PETER STEELE, 1962 – 2010
Last night, it only took a second to figure out that Peter Steele was really important to me. That much was evident once KNAC confirmed rumors of Steele’s death of heart failure. The next ten minutes must’ve been alarming to my neighbors as I stomped around, loudly cursing the fact that I’ve never spoken to Steele about his music. I’ve never even fucking seen Type O Negative in concert. I love that goddamn band. And Steele was its soul and voice.
After the tantrum, resignation set in and I stared at a wall, trying to figure out where I went wrong. In no mood for self-deception, I explained to um myself that being a lazy cheapskate is an easy lifestyle, but not one that leads to rewarding experiences. I should’ve been at those shows. I realize this now. But it’s too late and now Type O Negative as we know it is over. Peter’s parting gift to me is the knowledge that I suck.
It shames me to admit this, but he was a joke to me for years. It’s kinda justified. This woman-hating muscle guy who’s actually really sensitive and writes songs about a nun wanting to bang Jesus? The metal guy who did Playgirl? And Jerry Springer?! All that shit kept me from his music.
And of course, we all agree that his sense of humor could be, um, problematic? I’m now armed with a better grasp of Steele’s sensibilities, but at a glance, some statements were eminently misunderstandable. Or maybe he gave us too much credit. Either way, I wrote him off.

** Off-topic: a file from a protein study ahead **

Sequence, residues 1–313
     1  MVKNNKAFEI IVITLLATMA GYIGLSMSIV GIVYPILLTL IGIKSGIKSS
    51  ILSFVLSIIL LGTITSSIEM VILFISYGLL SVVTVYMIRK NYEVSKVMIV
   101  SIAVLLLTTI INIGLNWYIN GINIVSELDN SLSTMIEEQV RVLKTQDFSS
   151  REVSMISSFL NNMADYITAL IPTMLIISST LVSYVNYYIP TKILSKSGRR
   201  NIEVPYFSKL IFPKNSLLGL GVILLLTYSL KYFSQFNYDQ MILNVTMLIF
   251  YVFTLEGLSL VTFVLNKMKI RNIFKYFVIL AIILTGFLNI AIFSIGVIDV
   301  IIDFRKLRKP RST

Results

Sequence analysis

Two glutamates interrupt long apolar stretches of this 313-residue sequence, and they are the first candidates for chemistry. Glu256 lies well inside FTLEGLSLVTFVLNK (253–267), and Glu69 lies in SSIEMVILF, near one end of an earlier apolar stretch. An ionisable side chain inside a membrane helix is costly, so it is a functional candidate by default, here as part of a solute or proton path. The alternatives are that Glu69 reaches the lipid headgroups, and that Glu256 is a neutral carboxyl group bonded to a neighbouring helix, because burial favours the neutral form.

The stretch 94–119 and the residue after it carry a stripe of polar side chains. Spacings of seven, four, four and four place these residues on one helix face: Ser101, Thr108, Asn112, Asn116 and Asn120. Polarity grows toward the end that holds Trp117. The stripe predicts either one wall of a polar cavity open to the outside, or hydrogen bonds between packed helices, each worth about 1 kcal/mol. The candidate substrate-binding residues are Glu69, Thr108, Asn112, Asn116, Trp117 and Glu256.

Even when I accidentally heard “Christian Woman” — and LOVED it — I never bothered to seek out Type O records. Real smart.
Finally, in 2005, I had a good feeling about Life Is Killing Me and copied it from a friend. Suddenly, in my mind, Peter Steele the character was nut-kicked by Peter Steele the musician. How could I have doubted this guy? With him as leader, Type O Negative extracted the best parts of Black Sabbath and stapled on truly Beatle-esque melodies and harmonies. Even with somewhat indifferent production, and the occasional wanton lyric, Type O’s records never failed to deliver a singular experience — despite such recognizable influences as the aforementioned. It’s as though the band not only drew from those bands but, miraculously, also matched their skill level. And that is the goddamn gospel truth.
In the blink of an eye, Type O changed in my estimation from an enduring, cartoonish cult band to Sunday headliner at the music festival of my heart. Judging from the reception to LIKM‘s tardy follow-up, Dead Again, I wasn’t alone in my awe for their awesomeness. This is why Steele’s shenanigans, gaffes, and incarceration did nothing to curb interest in the band. And this is why it is horrible that he is gone.